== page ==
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Irons in the fire: Newt kabobs and misfortune

Contributed by Paul Marchant Published on 25 January 2016

Old Man Winter hasn’t been shy about making his presence known in southern Idaho this year. It’s kind of my goal every winter to make it to Christmas before we have to do any serious feeding. We didn’t even make it through the first week of December this year.

In spite of my fear of climate change and global warming, my distaste for the expense and bother of feeding hay to cows for five months outweighs my sincere concern for the welfare of polar bears, penguins and the melting polar ice caps. I know it’s callous and selfish of me, but it’s one of my character flaws.

It wasn’t too bad for much of December, because I had help in the form of my sons, who were home between semesters. In the absence of cheap child labor, though, the task usually falls to the depths of the labor pool: me.

Shortly after the advent of the new year, I was out doing the feeding. My help on this day consisted of the two dogs, Newt and Goose, who are about as much help feeding as they are when we’re working cows. Which is to say: They’re not ever much help, but they’re pretty good company.

We feed mostly big square bales off the back of an old flatbed truck. Generally, with a pitchfork you can flake the hay off in chunks without much trouble, except for the top bales, which are sometimes frozen 12 inches down from the top where the moisture has soaked in.

Alfalfa and grass hay flakes quite easily. Oat hay is a little tougher to feed because it often collapses as soon as the strings are cut. A lot more effort is required to get it off the truck because it doesn’t sit there in a solid bale, waiting to be dispersed in nice even chunks.

On this particularly frosty day, I was feeding oat hay. I had the truck in granny gear and was letting it creep across the frozen ground as I walked along the side of the bed and pulled chunks of hay off with the pitchfork. Yes, I’m aware I was probably in violation of a few safety best management practice.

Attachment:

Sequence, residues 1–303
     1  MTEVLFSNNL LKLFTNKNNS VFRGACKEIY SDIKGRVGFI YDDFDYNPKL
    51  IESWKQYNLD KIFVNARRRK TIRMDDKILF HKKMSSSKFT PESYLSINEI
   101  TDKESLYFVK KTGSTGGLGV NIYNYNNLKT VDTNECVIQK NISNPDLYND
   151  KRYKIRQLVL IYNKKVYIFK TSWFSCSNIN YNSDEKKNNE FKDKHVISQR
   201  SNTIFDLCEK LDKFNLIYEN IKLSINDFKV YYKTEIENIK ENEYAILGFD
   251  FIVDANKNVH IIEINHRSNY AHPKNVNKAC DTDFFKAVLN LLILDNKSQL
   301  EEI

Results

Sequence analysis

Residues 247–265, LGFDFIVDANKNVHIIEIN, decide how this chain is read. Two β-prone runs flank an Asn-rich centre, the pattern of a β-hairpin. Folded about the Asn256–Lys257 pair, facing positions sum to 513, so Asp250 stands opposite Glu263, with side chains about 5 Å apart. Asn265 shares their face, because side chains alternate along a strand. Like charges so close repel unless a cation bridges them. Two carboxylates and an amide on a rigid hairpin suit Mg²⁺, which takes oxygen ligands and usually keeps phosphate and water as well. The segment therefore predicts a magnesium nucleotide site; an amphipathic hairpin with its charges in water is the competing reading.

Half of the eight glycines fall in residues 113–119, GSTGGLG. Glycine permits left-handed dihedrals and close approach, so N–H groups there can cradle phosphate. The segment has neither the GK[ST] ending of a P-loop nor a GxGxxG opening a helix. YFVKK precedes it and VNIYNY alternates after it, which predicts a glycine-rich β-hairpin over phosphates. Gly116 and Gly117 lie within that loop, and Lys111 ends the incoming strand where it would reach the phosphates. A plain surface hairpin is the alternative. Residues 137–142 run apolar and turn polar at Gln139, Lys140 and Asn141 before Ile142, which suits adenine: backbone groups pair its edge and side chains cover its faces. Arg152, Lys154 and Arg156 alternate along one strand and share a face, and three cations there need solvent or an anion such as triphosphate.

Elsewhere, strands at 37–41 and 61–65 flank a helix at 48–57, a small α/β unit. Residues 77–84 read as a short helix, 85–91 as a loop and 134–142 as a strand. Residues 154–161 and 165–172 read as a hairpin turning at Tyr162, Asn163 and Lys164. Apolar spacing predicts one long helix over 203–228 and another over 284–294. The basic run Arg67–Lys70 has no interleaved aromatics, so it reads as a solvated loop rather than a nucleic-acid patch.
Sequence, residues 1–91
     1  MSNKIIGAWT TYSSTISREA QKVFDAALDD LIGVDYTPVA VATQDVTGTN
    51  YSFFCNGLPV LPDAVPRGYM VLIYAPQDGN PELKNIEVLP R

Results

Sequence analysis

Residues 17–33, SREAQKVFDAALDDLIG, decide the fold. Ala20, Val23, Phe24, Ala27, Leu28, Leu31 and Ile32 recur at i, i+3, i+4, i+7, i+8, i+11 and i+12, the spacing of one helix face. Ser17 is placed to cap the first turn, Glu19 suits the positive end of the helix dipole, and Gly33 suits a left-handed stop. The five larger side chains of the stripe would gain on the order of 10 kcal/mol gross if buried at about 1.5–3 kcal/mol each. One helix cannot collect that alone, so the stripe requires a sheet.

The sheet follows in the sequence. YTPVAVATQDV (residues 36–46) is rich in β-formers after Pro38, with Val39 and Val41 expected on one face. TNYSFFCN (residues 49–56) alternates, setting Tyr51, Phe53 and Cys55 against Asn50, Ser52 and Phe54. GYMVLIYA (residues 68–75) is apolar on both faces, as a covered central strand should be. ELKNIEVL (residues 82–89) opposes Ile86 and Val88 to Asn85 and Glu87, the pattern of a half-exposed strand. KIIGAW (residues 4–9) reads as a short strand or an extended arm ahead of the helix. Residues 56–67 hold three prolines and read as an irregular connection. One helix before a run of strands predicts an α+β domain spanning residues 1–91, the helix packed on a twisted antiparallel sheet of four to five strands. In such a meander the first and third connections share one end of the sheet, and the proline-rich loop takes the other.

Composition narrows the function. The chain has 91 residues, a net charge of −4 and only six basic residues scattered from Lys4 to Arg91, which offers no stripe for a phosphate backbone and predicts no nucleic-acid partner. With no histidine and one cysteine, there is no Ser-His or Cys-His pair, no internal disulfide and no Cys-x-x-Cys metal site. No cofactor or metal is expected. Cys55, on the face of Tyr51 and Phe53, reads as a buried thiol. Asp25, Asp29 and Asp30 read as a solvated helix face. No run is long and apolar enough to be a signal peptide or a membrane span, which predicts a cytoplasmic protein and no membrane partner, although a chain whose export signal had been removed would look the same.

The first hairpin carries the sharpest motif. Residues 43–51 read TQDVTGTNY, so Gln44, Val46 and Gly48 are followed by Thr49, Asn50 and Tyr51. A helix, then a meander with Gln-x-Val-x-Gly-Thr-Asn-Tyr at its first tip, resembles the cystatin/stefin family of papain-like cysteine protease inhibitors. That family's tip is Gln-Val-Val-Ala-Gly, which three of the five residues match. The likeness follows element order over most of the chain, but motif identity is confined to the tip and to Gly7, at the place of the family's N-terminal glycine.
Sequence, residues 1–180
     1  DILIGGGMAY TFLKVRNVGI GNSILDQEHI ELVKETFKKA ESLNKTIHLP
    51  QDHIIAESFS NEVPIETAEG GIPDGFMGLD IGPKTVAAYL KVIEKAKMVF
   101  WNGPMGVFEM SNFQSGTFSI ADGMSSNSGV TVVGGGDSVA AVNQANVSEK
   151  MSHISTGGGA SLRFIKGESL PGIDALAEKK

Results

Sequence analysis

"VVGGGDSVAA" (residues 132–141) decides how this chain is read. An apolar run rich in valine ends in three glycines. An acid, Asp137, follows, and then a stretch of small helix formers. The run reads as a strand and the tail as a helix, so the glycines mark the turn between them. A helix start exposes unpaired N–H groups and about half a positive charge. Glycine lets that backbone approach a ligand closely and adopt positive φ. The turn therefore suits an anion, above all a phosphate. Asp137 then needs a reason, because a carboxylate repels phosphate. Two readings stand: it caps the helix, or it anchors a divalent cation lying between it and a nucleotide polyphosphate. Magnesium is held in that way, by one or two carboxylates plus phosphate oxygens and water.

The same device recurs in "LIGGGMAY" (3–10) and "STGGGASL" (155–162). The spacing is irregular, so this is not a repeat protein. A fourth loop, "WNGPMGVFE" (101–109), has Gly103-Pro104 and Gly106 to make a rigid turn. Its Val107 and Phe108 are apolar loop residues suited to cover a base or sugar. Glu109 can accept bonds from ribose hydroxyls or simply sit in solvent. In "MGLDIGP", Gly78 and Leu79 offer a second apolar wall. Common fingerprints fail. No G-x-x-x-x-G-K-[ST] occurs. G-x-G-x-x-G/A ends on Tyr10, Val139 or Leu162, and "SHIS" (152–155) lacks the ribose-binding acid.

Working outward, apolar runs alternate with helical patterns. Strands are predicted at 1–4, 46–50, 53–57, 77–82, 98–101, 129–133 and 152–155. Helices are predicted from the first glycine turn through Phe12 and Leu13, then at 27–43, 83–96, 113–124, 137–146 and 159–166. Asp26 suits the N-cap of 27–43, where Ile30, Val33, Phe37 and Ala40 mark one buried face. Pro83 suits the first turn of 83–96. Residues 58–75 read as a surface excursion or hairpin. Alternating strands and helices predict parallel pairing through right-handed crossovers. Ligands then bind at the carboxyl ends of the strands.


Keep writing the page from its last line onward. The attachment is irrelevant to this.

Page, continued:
So, officially, I’d advise you not to try this at home. I am a highly trained professional. Goose had jumped off the truck and snuck through the herd of cows to scavenge for mice under the snow. Newt, on the other hand, liked his soft perch on top of the oat hay and stayed there as I fed. As the bale got smaller, he’d inch his way toward the front of the truck and the remaining part of the bale.

With about half of a bale left, I made a downward stab with the fork to pull some hay off – just as the remainder of the bale gently collapsed. This wasn’t a new thing to the dog, and he rode the collapsing hay down with all the skill of a surfer on the Big Island. The trouble was: He arrived at the bottom just as the tines of the fork did.

I skewered his front paw slicker than ice on a freeway. It only took me a couple seconds to free the unfortunate canine from the predicament, and after a couple of yelps, he went off to join Goose on the gopher hunt. I offered to let him ride in the cab of the truck on the way home, but he still preferred to ride on the back.

For the record, I apologized and treated his foot with some iodine, and he only limped for half-a-day. Dogs seem to be pretty willing to forgive. He knows he’s got a pretty good gig. He’s more Hank the Cow Dog than Lassie, and he got more sympathy at home than I would have if I’d stuck my own foot.

We stopped short of inviting him in the house for dinner, but I did give him the piece of leftover hamburger I forgot to eat for lunch a couple weeks prior and was now molding in the back of the fridge.

Newt’s little mishap stands as a good lesson or two. First of all, when there’s work to be done, it’s best to get out of bed and get it done – or at the very least, get out of the way so someone else can work. Otherwise, though, I think there’s a deeper, more powerful lesson to be learned.

Bad things can happen to good people. Despite our best efforts, bad stuff happens. It’s quite possible to simply be in the wrong place at the wrong time. That’s not to say that we shouldn’t always try to do our best and do what’s right. But, even then, things may not fall in your favor. I don’t believe in fate, and I don’t necessarily subscribe to the theory that “everything happens for a reason.”

To clarify, I guess I do believe that things happen for reasons. Sometimes the reason is life. Life happens, and life doesn’t always happen to be fair.

Life is a cruel and beautiful conglomeration of the good and the bad, the grotesque and the sublime. The most important thing, I believe, is how we respond to whatever life may curse us or bless us with.

So, whether you win the lottery or step on a nail, learn something from it and make your part of the world a better place.  end mark

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